- WRITE – This allows everyone to upload and delete files. The problem with these permissions being set to Everyone is that, along with the intended users, an attacker has the capability to modify or delete files within your bucket(s). If there is data that should not be modified, that’s a big problem. Less obvious, perhaps, is the fact that you could be leaving yourself open to a potential “economic denial-of-service attack”. Someone can upload massive files to your bucket(s) that could cause you to incur crippling financial costs that would damage an application or organization. Buckets should never be configured with this setting to Everyone.
- WRITE ACL – This allows user to edit permissions. It is the most dangerous setting as hacker can give themselves READ and WRITE permissions. This allows hackers to grant themselves unfettered access. Buckets should never be configured with this permission set to Everyone.
6 Core Steps to Mitigation
- Check for folders or objects granted the permission “Open/Download” to Everyone. This permission allows anonymous users to read a file but does not allow them to update the file. Review all cases in which this permission is granted to verify that it is appropriate.
- Check for folders or objects granted “View Permissions” and “Edit permissions” to Everyone. This permission allows anonymous users to edit or delete a file. Review all cases in which this permission is granted to verify that it is appropriate.
- Check that logging is enabled for S3 buckets. This creates a log file of all accesses to the objects and bucket. Without this option, you will be unable to track and identify who has accessed a file/object in S3.
- Check that notifications have been enabled for S3 buckets. There is a property for each S3 bucket: “Enabling notifications causes a message to be published to an Amazon Simple Notification Service (SNS) Topic when Amazon S3 detects that a Reduced Redundancy Storage object stored in this bucket is lost.” If you do not enable this option, you will not be notified when an S3 object is corrupt or lost.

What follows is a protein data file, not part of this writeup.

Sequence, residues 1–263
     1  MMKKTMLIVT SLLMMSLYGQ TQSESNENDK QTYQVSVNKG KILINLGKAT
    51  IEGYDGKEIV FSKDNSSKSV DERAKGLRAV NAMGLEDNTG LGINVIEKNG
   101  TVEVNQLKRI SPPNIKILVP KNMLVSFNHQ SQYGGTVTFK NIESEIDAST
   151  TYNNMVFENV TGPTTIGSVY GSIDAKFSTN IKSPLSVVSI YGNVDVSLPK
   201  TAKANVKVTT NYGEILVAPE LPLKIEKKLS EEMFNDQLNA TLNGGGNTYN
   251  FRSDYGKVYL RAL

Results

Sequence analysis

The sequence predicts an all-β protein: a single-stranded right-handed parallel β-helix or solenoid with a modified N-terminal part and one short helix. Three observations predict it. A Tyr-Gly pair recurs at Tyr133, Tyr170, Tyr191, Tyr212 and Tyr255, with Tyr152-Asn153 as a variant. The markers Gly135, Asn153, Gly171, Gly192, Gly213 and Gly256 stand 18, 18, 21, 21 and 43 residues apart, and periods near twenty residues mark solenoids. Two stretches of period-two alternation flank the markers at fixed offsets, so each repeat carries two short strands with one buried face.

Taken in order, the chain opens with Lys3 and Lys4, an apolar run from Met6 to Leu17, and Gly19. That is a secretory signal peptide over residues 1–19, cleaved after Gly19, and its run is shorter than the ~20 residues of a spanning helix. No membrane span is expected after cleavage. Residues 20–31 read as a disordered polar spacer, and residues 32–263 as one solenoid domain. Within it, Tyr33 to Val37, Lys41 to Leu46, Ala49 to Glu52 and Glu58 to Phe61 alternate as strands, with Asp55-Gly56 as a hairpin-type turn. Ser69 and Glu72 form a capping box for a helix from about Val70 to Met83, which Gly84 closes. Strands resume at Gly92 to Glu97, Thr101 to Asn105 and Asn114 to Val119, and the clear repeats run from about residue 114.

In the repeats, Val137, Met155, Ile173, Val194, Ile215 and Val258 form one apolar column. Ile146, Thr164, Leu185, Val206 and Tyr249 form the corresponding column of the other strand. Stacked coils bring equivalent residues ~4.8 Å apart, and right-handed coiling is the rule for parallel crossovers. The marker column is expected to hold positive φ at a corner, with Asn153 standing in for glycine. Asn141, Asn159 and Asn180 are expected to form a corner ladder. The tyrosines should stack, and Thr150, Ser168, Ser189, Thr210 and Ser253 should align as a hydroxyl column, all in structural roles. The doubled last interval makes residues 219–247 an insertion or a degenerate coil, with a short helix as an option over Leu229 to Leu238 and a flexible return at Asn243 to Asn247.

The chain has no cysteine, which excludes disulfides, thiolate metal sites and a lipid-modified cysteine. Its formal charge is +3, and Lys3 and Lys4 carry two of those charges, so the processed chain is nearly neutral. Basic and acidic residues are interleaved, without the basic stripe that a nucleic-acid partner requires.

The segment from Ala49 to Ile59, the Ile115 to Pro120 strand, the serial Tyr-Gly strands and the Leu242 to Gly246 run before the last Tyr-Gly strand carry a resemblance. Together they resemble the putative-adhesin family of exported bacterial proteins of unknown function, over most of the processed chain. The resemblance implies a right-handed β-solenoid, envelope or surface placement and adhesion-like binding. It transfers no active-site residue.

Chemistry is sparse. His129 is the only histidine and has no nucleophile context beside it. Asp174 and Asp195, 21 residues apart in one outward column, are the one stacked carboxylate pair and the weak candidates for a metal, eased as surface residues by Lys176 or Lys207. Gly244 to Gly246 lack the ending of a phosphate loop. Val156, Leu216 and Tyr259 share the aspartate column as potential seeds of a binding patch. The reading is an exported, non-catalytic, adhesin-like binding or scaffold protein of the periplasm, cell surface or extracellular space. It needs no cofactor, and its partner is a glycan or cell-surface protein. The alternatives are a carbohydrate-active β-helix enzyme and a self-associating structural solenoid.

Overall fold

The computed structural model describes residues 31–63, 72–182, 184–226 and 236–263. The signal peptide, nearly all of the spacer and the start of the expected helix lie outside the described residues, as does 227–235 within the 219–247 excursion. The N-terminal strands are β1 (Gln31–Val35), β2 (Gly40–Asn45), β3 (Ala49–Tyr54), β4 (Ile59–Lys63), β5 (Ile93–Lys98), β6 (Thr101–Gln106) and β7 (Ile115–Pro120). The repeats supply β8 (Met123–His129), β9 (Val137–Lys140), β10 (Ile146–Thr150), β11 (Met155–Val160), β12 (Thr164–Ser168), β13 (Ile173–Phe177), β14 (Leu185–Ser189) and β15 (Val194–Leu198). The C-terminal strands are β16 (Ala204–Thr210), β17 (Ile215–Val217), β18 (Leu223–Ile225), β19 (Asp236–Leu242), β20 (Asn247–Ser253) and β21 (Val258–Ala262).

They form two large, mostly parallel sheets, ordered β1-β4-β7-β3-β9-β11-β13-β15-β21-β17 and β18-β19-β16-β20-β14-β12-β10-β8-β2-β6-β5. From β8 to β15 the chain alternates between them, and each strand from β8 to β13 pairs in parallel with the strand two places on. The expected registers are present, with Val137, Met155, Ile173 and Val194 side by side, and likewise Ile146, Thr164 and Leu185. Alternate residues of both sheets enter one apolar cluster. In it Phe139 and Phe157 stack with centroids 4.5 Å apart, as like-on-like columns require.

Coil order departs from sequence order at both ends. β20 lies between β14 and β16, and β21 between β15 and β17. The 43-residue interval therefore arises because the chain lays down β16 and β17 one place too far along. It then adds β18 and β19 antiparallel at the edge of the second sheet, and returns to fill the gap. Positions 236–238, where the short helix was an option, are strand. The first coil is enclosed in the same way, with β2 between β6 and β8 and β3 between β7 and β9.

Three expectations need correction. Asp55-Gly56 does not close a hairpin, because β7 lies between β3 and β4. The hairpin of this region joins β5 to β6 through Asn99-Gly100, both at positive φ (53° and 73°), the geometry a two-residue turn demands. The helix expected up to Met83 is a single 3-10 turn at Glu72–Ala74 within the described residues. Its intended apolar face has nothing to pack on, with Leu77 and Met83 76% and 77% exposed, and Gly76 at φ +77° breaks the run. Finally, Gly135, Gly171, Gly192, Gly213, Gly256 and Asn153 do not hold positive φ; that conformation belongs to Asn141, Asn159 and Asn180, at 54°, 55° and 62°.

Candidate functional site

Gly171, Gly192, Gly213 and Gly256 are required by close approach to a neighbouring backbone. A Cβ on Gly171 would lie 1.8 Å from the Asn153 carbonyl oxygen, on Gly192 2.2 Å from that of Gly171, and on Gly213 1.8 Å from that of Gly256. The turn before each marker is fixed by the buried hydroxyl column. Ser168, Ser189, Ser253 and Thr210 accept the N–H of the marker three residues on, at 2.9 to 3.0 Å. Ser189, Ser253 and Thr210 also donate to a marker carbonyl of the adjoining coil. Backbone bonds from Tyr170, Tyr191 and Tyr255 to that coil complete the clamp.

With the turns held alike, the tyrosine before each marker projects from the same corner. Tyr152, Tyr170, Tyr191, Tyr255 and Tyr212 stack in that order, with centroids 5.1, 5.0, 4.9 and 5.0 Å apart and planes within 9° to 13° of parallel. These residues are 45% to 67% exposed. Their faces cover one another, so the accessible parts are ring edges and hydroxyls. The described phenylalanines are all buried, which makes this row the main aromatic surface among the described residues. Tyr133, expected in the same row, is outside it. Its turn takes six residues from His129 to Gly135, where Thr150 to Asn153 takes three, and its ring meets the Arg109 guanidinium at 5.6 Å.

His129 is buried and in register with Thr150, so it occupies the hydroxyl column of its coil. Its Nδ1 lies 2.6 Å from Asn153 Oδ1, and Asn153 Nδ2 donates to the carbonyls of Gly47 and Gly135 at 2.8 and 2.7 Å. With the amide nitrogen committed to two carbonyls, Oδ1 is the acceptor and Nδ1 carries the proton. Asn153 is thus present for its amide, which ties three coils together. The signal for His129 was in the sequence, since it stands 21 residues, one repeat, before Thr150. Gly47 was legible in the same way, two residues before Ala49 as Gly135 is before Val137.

- Check for S3 buckets that have a website endpoint enabled. Verify the permissions and content within the directory to verify that no sensitive data has been exposed.
- Continually review your deployment to insure that you remain properly configured. This is probably the most difficult of all the required mitigation steps. The reality is that AWS is a dynamic environment and it is unrealistic to expect users to devote the time required to perform checks every day. However, failing to continually review will almost guarantee users that their ‘fixed’ vulnerabilities soon reappear.
CloudCheckr Automates the Review
CloudCheckr automatically scans user deployments on a daily basis and reports back that information so that rather than spending hours checking, users can identify issues in seconds.
Above is a screen shot of CloudCheckr with the relevant S3 best practices enabled and reported upon. The issues surrounding S3 exposure are all checked and reported on a daily basis.
Of course, as the screen shot below shows, CloudCheckr’s Security reports on far more than just S3. CloudCheckr reports in areas of Availability, Cost, and Usage as well.
We encourage you to sign up for a free trial, scan your deployment, improve your security, and compare your results to our March survey results.